Happiness is an elusive quality in a Mike Leigh film. Sometimes, in his films, you will meet characters who try to cheer other people up, but there is usually a darker side to their perkiness. The photographer who tries to get people to smile in Secrets and Lies is stressed out by conflicts within his family; the woman who provides illegal abortions in Vera Drake naively tells her clients they will all be “right as rain” after she has left, and is caught off-guard when one of them almost dies thanks to her efforts; and when Gilbert & Sullivan premiere their latest musical comedy in Topsy-Turvy, a depressed Gilbert responds to the applause by privately grumbling to his neglected wife, “There’s something inherently disappointing about success.”
Billy Graham has appeared in many movies over the years, most of them produced by World Wide Pictures, the movie studio that he founded through his evangelistic ministry in the 1950s. But apart from a handful of parodies, no actor has ever played him before, and certainly no film has tried to show what kind of person he was prior to becoming the internationally recognized preacher that he is today. So there was lots of fertile ground for Billy: The Early Years, the first major Graham biopic, to explore. Too bad, then, that the film does such a poor job of bringing his story to life.
Just a few quick updates on some previously announced projects.
2. At the tail end of a long-ish interview on the making of Billy: The Early Years, writer-producer Bill McKay says he is “in pre-production” on Resurrection, which he describes as “kind of a sequel to Mel Gibson’s picture ‘The Passion of the Christ.'” He says he was brought onto the project by Sony, which raises a few questions: Is this the same film that Tim LaHaye was developing for Screen Gems, which is also affiliated with Sony? Does this mean LaHaye’s movie is still in the works? Or is this a completely different project? — Christians in Cinema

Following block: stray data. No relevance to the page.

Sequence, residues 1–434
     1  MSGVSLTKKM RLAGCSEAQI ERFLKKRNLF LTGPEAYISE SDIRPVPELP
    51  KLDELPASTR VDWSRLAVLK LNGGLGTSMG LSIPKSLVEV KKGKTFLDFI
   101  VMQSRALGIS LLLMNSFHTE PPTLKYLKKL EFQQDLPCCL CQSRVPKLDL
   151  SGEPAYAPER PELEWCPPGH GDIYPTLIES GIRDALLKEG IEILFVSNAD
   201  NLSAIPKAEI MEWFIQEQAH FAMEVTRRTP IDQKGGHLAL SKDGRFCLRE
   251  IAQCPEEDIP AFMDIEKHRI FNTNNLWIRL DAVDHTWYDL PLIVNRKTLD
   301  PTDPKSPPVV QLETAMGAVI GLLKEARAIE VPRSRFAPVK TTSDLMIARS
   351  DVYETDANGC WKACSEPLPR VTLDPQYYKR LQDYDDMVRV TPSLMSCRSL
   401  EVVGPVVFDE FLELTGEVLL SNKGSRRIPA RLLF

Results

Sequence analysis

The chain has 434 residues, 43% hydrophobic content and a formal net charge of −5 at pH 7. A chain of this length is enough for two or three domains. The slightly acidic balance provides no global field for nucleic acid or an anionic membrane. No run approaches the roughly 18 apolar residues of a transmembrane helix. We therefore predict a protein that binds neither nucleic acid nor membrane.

3. Christian Duguay’s $30 million TV mini-series adaptation of Ben-Hur is one of several projects that the Alchemy Television Group is bringing to MIPCOM in Cannes, France next week. — Hollywood Reporter
Do the famous six degrees of separation apply to furniture, as well as people? I wore my Juno T-shirt to church last week, and one of my fellow parishioners spotted it and told me that her son happens to sleep in the car-shaped bed that we see in Paulie Bleeker’s bedroom in that film. I can’t remember exactly how my friend got the bed, but I do know that the film was shot here in Vancouver, so it wouldn’t have been too hard to cross paths with this item, and she said the bed had come with a tag, presumably left by the props department, identifying it as “Paulie Bleeker’s bed”. (I asked her if she got the hamburger-shaped telephone, too, and she said no, she didn’t.) I asked my friend if she could send me a picture of the bed for my blog, and today, I received this: